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Reports claim a $5.6B deal is about to close on an unprecedented merger

According to a report in The Globe and Mail, the board of directors at AMD has allegedly approved the takeover of Canadian graphics firm ATI Technologies. The report claims that the information was released by an investment banker that was part of the discussions. According to other sources, AMD executives were also seen at ATI's headquarters in Markham, Ontario. The report indicated that AMD is considering a $5.6 billion takeover bid for ATI.

Speculation and rumors have run rampant over the last several months about the possible merger between AMD and ATI, but no concrete details have been revealed. According to reports on ATI's share prices, the company's shares have been trading at double the usual volume today. Analysts said that AMD would be making an offer of 20 to 40 percent premium to ATI's current share price. ATI shares traded at $16.12 on the NASDAQ today during after hours, which is up 39 cents from yesterday's closing.

Reuters has also picked up on the story, claiming that "Some analysts have questioned the rationale for an AMD-ATI merger, and others were surprised that the speculation received no attention from analysts during AMD's earnings conference call on Thursday."  DailyTech had punched in for question during the investor conference call on Thursday, but a moderator would not respond.

According to Eric Gomberg, an analyst for investment bank Thomas Weisel Partners, "there has been considerable industry speculation that AMD may pursue an acquisition of ATI Technologies, although such an outcome is by no means certain." Gomberg's comment came in earlier this week, but word circulating around investment bankers who are aware of the talks between ATI and AMD surfaced just several hours ago.

Recent reports indicated that Intel roadmaps no longer included ATI chipsets. Although Intel had been producing motherboards using ATI logic, upcoming boards like those that support Core 2 processors are void of any chipset from ATI. Interestingly, ATI and Intel had agreed to several cross-licensing programs that allowed them to take advantage of some of each other's technologies. Several analysts however, indicated that the merger between AMD and ATI to be "out of strategy for AMD and out of focus. Stupidity is no barrier to tech mergers."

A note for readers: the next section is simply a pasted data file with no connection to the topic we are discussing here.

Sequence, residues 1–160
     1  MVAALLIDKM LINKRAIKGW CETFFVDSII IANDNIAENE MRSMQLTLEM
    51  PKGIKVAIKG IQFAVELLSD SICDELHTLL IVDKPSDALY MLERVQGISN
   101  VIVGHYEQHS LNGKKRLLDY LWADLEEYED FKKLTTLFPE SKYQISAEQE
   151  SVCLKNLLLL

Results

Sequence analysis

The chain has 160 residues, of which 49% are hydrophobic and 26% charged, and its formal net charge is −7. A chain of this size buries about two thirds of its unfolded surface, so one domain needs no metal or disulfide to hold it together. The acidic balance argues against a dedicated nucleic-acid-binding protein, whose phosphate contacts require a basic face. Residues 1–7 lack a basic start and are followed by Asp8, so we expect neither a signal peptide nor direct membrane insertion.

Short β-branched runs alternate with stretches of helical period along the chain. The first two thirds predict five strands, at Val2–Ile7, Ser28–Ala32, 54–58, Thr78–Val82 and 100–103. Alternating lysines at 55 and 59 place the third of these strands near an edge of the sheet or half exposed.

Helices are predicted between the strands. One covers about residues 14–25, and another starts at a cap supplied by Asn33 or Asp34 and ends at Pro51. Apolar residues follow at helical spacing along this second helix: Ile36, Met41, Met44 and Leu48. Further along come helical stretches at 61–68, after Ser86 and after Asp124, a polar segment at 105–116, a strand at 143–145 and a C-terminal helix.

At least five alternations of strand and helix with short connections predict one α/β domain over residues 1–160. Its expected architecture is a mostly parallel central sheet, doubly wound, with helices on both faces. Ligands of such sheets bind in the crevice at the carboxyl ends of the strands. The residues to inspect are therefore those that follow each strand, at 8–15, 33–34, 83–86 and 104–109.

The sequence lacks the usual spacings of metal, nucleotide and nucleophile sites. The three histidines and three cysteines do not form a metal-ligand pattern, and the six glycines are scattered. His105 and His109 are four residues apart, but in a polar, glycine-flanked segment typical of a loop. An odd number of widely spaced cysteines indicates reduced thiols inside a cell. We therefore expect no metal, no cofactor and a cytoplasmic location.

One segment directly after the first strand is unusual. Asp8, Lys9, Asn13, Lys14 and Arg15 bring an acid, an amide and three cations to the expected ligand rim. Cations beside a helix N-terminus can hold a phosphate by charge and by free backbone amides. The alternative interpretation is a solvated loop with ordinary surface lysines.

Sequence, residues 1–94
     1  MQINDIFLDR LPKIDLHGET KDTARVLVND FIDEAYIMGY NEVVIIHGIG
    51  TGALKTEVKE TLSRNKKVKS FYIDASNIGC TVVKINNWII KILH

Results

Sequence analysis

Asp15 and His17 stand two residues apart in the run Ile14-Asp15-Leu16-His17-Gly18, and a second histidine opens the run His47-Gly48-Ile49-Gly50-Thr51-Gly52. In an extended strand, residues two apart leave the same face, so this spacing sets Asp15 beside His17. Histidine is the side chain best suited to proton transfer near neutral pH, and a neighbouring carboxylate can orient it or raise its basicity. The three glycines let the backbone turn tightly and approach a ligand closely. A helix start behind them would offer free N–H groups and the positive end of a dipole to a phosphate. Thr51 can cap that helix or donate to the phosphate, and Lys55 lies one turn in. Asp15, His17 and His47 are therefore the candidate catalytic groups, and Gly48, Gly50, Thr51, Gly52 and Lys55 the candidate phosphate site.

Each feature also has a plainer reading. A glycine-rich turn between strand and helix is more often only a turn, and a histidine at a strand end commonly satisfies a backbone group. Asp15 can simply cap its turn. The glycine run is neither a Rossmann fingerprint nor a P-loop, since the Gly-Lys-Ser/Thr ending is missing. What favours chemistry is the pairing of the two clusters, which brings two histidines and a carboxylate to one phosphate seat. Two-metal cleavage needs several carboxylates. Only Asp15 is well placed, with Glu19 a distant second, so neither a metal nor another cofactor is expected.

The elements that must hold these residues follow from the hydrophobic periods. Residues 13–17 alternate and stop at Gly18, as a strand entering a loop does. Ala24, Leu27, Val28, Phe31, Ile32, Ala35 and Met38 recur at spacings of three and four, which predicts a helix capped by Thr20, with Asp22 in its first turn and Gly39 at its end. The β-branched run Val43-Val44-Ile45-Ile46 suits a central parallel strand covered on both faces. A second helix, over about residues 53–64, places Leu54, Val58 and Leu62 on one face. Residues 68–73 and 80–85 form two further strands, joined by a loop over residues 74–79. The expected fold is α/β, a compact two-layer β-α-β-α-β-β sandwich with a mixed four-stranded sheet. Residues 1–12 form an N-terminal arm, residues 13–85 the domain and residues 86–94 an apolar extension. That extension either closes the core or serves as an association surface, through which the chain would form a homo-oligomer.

A report in the Wall Street Journal confirms the talks between AMD and ATI (subscription required) today. Although the deal is not final, the report said that representatives from both companies declined to comment.

AMD has previously indicated that it would embrace embedded processor technologies for its Torrenza platform -- some of which would include math and physics co-processors.  However, the company has recently exited all non-x86 processor design.

Update 07/24/2006: AMD and ATI jointly announced the confirmation of the $5.4B merger today (July 24, 2006)


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RE: Not such a stupid move
By DigitalFreak on 7/22/2006 11:18:17 AM , Rating: 2
quote:
K8L is going to nail Conroe


Stop spewing bullshit. You have no idea how K8L will perform.


RE: Not such a stupid move
By BitJunkie on 7/22/2006 5:01:19 PM , Rating: 2
Nobody know's how K8L they're going to perform. But look at history, look at their track record. Also from a purely Darwinian perspective, they HAVE to outperform Conroe if they want to stay in competition, I don't believe a company that's investing in people, talent and production capacity, after fighting so hard to win market share is going to do anything else.

Lets hope Selective Evolution has some effect on mindless posts and trolls too.....okay who am I kidding that's less likely than AMD delivering the goods.


RE: Not such a stupid move
By BitJunkie on 7/23/2006 1:18:26 PM , Rating: 2
The key is how they perform the integration. If they're aiming to integrate GPU functionality on the CPUs, they have a couple of issues:

1) Who's technology do they use? How do they license it and how vulnerable does that leave their business if they opt to license technology.
2) Developing in-house Graphics capabilities puts them on a massive learning curve, places them in direct competion and introduces time constraints, they aren't going to be able to develop a competative solution in the 18 month timeframe
3) People, they don't grow on trees, even if the could develop their in-house capablities they'd be seriously constrained in terms of manpower.

This aquisition enables them to innovate relatively freely without concerns for the above issues. I don't think they're just going to develop a set of current day chip-sets, including a discrete GPU. That's not moving forward, it's just competing with whats around at the moment.

The next question is IF they manage to integrate ATI based GPU functionality in to a CPU, and see very real performance improvemnts - how do Intel compete?


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